D071 Establish State Policy Networks

Original version

Resolved, the House of _______ concurring, That the 79th General Convention to be faithful in living into the Jesus Movement establish State Episcopal Public Policy Networks to create, equip and mobilize networks of Episcopalians in states to address the issues of social justice including but not limited to civil rights, racial reconciliation, environmental stewardship, alleviation of hunger and poverty; and be it further

Resolved, That the work of these state networks be formed and managed through the Office of Government Relations of The Episcopal Church; and be it further

Resolved, That the advocacy of these state networks be consistent with resolutions of the General Convention or Executive Council of The Episcopal Church and with the support of the diocesan bishop or bishops in the states they operate; and be it further

Resolved, That the development office of The Episcopal Church be authorized to raise funds for the work of advocacy by State Episcopal Public Policy Networks and the Episcopal Public Policy Network; and be it further

Resolved, That the General Convention request the Joint Standing Committee on Program, Budget and Finance to consider a budget allocation of $1,000,000 for the implementation of this resolution.

Explanation

The Episcopal Public Policy Network is a network of Episcopalians and others across the country who opt-in to receive e-mail from the Office of Government Relations (OGR) that connects Episcopalians to the members of Congress informs the church of opportunities to advocate at the federal level on matters of interest to The Episcopal Church using the resolutions General Convention and Executive Council to guide and inform the work of OGR. Previous iterations of State Episcopal Policy Networks have existed but were not sustainable due to lack of funding.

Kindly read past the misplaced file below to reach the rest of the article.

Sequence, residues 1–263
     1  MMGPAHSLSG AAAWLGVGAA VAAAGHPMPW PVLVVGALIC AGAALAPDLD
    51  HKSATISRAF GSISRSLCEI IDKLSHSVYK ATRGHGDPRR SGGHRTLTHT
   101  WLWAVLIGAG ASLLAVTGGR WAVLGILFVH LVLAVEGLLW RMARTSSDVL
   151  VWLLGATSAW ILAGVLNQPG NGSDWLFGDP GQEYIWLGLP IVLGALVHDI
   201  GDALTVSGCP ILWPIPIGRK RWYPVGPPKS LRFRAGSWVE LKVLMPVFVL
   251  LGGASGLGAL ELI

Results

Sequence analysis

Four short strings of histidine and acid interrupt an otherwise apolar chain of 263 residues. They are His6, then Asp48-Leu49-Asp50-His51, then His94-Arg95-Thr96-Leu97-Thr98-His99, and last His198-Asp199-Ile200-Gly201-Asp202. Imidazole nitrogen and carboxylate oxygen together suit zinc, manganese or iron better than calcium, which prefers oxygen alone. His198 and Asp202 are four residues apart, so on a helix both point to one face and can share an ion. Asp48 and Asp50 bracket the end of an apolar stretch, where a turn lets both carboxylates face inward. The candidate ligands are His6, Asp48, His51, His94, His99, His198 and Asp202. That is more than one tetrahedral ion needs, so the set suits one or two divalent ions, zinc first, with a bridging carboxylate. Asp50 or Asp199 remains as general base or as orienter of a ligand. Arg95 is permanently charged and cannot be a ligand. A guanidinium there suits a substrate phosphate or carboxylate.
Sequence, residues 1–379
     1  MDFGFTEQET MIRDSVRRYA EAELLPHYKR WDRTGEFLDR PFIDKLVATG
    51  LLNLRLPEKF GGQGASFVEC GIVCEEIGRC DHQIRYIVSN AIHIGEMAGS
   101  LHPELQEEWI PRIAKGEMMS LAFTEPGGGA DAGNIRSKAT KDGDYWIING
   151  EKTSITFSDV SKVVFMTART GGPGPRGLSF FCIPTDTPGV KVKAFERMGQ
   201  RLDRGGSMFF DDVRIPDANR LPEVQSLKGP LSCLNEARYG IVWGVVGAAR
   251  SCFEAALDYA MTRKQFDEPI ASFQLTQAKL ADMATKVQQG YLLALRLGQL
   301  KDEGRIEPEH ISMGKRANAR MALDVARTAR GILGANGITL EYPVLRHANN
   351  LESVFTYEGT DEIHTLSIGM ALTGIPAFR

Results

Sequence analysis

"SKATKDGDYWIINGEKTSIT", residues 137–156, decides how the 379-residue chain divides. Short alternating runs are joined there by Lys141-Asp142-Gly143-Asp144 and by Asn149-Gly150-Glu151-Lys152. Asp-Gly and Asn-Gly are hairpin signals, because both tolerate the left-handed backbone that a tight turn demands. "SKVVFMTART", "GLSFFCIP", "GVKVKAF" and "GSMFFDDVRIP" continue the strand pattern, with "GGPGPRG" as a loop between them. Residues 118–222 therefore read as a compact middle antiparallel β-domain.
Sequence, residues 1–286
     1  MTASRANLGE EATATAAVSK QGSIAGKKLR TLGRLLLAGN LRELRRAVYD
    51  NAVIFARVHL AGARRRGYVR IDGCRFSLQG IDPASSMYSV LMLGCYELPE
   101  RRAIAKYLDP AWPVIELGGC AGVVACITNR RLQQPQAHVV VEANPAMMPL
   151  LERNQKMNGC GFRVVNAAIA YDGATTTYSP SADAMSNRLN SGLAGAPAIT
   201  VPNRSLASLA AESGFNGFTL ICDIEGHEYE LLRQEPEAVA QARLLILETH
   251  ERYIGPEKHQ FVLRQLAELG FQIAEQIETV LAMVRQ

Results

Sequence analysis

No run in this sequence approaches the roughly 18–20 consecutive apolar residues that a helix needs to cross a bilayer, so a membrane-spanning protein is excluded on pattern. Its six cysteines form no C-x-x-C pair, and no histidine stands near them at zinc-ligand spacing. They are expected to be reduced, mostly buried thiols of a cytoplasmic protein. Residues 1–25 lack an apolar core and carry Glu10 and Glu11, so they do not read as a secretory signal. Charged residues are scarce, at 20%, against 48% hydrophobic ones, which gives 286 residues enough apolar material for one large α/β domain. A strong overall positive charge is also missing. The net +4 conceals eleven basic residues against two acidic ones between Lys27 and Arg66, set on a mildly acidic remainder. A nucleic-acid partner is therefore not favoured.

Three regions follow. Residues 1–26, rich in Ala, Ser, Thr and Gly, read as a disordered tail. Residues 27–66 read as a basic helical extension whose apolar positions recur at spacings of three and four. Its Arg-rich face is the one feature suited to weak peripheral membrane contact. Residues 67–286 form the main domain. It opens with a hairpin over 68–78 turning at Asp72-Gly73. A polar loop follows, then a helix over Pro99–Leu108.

The Evangelical Lutheran Church in America (ELCA)—a full communion partner—has an existing network of State Public Policy Offices (SPPO) operating in 15 states: Washington, California, Arizona, Colorado, Ohio, Minnesota, Wisconsin, Texas, Georgia, Mississippi, Nevada, Alabama, Tennessee, Virginia, Pennsylvania and New Jersey. These offices have a designated point person that coordinates the state-based advocacy on behalf of the ELCA Synod(s) in each state.

Each context of the ELCA’s SPPO network is different. In some cases, the SPPO “director” is an ELCA deployed church-wide staff. Other directors are synod employed staff. In four of the states—WA, OH, TX, and VA—an ecumenical or interfaith organization serves in that role. In the case of the SE Synod, which includes AL, GA, MS, and TN, the director coordinates teams to work on issues. Across these Lutheran networks, the ELCA’s SPPO network leverages billions of public dollars to the needs of poor and hungry people.

Grants, managed by the ELCA’s Advocacy Office in Washington, DC fund these offices and are usually matched by ELCA Synods and donors in each state to keep these offices sustainable. In all cases these SPPOs have local “policy councils” appointed by the bishop(s) to help establish the priorities of each office annually.

This resolution proposes to create an Episcopal branded network similar network to the ELCA.


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